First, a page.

Periodontal Treatment – Norwood, MA

Cleaner, Healthier Gums for Life

Do you know the dangers of untreated gum disease? Many patients aren’t aware of the acute health risks associated with periodontal disease (gum disease). Gum disease occurs when tarter and plaque buildup spreads beneath your gumline. Countless studies have shown a direct link between gum disease and several life-threatening medical conditions, including heart disease, diabetes, respiratory disease, cancer, and premature birth. The bacteria from untreated periodontal disease can spread to other parts of the body, wreaking havoc on your good health.

Since periodontal disease often progresses without any painful symptoms, it can cause severe damage without being noticed until it’s too late. The good news is that we can treat periodontal disease, and even reverse it in some cases. But you shouldn’t wait for gum disease to attack you or your family. You can prevent it by making sure your family is screened for periodontal disease at least twice a year. Central Dental Associates can provide the protection you need to stay healthy and disease-free, so call us today.

Why Choose Central Dental Associates for Periodontal Treatment?

  • Conservative Treatment Options Available
  • Qualified Periodontist on Staff
  • Flexible Financing with CareCredit

What is Periodontal Disease?

  • Gingivitis - This is the mildest form of periodontal disease. It can cause the gums to turn red, swell, or bleed easily after brushing, flossing, or eating. However, there is usually little to no discomfort experienced at this stage. Gingivitis is often caused by inadequate oral hygiene; but is reversible with professional periodontal treatment and improved at-home dental habits.
  • Periodontitis - Untreated gingivitis can progress quickly to periodontitis. The toxins produced by the bacteria in the plaque buildup can irritate your gums and stimulate a chronic inflammatory response in your body. Your body responds by turning on itself and breaking down and destroying the tissues and bones that support your teeth. At this point, your gums may separate from your teeth, forming deep pockets that can become re-infected. As the infection progresses, the pockets deepen further, and even more gum tissue and bone are destroyed. Although this destructive cycle has very mild symptoms, if left untreated, your teeth will loosen and may fall out or have to be removed.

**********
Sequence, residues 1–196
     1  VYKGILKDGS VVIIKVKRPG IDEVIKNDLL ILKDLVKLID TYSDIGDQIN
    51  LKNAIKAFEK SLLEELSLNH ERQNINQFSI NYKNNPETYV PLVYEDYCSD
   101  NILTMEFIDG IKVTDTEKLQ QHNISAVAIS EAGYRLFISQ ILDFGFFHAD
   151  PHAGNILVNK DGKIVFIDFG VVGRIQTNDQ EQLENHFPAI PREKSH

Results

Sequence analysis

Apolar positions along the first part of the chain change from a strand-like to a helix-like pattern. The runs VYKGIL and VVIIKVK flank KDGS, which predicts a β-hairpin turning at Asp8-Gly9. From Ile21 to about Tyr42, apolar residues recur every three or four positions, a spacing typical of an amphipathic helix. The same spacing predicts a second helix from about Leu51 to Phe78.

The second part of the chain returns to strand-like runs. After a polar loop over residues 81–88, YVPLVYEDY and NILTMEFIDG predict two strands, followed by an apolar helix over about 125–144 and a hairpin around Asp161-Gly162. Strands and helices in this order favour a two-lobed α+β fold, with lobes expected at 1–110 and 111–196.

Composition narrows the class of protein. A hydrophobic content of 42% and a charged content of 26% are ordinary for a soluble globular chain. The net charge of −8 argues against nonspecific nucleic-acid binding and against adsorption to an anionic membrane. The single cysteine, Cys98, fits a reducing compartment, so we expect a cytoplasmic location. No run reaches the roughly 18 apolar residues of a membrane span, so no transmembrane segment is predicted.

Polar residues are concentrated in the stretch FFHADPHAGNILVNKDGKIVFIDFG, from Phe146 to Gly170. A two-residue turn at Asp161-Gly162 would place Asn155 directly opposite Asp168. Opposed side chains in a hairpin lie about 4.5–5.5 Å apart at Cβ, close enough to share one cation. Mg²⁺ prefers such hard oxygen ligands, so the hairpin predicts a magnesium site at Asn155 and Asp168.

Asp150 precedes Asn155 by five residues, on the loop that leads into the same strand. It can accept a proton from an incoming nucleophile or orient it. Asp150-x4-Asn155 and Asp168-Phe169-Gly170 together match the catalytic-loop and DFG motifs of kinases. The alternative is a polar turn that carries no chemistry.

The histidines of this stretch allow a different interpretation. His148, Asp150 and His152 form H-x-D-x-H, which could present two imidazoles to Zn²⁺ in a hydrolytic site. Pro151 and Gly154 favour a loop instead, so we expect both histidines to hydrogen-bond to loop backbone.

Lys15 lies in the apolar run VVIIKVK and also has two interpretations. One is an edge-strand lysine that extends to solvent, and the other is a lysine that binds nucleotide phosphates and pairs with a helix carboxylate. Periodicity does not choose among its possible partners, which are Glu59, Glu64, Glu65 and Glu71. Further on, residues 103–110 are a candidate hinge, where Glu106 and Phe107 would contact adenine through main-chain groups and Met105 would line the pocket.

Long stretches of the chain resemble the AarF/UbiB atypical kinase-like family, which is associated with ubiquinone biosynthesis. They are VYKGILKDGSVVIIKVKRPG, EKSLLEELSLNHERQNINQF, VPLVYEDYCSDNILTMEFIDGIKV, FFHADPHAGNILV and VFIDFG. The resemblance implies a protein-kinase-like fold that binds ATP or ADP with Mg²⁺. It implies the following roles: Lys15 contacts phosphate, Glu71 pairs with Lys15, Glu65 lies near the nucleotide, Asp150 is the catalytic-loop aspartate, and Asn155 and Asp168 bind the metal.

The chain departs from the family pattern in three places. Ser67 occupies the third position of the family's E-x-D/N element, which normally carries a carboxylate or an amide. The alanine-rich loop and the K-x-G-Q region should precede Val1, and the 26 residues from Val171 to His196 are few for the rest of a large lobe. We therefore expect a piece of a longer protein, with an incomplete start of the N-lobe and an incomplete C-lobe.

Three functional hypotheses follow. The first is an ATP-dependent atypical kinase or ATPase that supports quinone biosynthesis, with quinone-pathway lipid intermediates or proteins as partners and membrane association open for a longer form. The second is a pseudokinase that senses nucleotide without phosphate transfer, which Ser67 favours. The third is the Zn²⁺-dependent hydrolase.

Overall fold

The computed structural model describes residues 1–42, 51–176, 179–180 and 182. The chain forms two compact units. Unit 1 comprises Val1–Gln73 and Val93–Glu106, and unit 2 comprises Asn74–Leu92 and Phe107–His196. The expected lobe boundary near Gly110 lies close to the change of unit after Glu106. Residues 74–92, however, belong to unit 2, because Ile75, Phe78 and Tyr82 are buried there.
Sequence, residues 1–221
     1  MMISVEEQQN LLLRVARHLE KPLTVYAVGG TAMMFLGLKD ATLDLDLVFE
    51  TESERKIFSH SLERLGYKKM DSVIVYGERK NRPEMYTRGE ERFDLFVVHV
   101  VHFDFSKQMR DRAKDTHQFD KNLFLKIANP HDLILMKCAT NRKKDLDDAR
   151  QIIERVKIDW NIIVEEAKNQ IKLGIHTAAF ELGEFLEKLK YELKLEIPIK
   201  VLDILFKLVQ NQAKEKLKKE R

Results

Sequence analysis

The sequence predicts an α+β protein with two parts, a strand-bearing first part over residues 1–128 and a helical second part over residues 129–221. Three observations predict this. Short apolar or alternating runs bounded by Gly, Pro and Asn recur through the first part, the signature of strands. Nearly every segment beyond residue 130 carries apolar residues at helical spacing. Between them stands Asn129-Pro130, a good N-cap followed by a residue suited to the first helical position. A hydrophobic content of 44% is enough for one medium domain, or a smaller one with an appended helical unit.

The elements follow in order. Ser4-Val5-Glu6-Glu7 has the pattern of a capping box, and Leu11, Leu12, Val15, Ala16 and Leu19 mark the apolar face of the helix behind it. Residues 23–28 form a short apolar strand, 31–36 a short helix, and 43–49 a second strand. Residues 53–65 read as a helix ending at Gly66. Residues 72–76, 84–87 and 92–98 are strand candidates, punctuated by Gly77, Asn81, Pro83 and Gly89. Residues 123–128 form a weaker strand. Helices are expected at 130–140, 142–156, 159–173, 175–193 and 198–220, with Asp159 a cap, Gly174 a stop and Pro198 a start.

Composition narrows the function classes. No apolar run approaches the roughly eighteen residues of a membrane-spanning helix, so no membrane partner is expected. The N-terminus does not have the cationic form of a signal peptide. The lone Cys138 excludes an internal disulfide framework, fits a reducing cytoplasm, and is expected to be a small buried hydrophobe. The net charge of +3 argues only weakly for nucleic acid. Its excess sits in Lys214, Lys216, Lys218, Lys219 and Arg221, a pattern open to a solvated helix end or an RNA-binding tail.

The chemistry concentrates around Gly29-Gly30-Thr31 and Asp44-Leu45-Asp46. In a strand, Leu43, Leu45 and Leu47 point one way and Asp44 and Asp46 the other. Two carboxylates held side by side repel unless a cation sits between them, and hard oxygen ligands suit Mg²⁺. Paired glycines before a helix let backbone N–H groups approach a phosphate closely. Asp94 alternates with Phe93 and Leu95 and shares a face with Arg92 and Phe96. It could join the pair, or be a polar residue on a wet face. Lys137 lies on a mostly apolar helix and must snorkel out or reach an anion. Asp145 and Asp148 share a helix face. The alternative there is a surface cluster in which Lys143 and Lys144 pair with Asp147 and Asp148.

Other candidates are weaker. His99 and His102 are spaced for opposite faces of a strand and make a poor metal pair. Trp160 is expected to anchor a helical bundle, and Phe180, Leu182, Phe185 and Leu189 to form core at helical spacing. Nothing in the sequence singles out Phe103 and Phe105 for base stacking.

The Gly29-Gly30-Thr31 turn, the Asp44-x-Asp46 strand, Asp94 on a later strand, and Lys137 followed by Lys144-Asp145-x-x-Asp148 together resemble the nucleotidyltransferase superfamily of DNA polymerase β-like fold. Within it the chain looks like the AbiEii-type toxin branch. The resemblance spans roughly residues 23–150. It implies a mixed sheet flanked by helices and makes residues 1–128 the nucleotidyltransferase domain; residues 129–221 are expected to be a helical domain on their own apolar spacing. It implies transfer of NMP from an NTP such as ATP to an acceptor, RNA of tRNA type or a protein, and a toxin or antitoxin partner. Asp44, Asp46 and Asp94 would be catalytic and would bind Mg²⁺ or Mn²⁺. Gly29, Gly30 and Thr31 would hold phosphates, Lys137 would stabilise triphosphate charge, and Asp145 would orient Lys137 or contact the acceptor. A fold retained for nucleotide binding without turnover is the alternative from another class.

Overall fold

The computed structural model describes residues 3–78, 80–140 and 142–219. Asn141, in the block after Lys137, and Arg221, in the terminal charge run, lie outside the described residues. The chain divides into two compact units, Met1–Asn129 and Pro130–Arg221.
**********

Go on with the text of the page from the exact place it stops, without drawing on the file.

Who’s at Risk for Developing Gum Disease?

Anyone can develop gum disease at any age; however, poor oral hygiene habits and failure to get regular dental checkups and cleanings directly contribute to the development of gum disease and the need for periodontal treatment. Many other factors can contribute to the development of gingivitis, including diabetes, use of tobacco products, aging, genetic predisposition, systemic diseases and conditions, stress, inadequate nutrition, puberty, hormonal fluctuations, pregnancy, substance abuse, HIV infection, and taking certain prescription medications.

Do You Need Periodontal Treatment?

If you or someone in your family exhibits any of the following symptoms, you should make an immediate appointment with our office:

  • Red, swollen, tender, or painful gums
  • Bleeding while brushing, flossing, or eating certain foods
  • Gums that are actually receding from your teeth
  • Loosened or separated teeth
  • Mucus between your gums and teeth
  • Mouth sores
  • Halitosis
  • A change in the way your teeth fit together when you bite down
  • A change in the fit or function of your full or partial dentures

How Can You Prevent Gum Disease and Periodontitis?

Luckily, periodontal disease is not only treatable but also preventable. To reduce your risk of developing gum disease, you should:

  • Brush your teeth twice daily - Brushing twice a day and after meals can help remove food debris and plaque trapped between your teeth and gums.
  • Floss at least once a day - Flossing also helps remove food particles and plaque between teeth and along the gum line that your toothbrush just can’t reach.
  • Use mouthwash - Using mouthwash can help reduce plaque and can also remove the remaining food particles that brushing and flossing can miss.
  • Know your risk - Remember that your risk for developing periodontal disease can increase with age, smoking, diet, genetics, and certain medications. If you are at increased risk, it’s important to get screened for periodontal disease early and often.
  • Get checked out - The easiest way to prevent periodontal disease is to keep your routine dental checkup and cleaning appointments. We can remove the stubborn tartar and plaque buildup that home oral hygiene care can miss.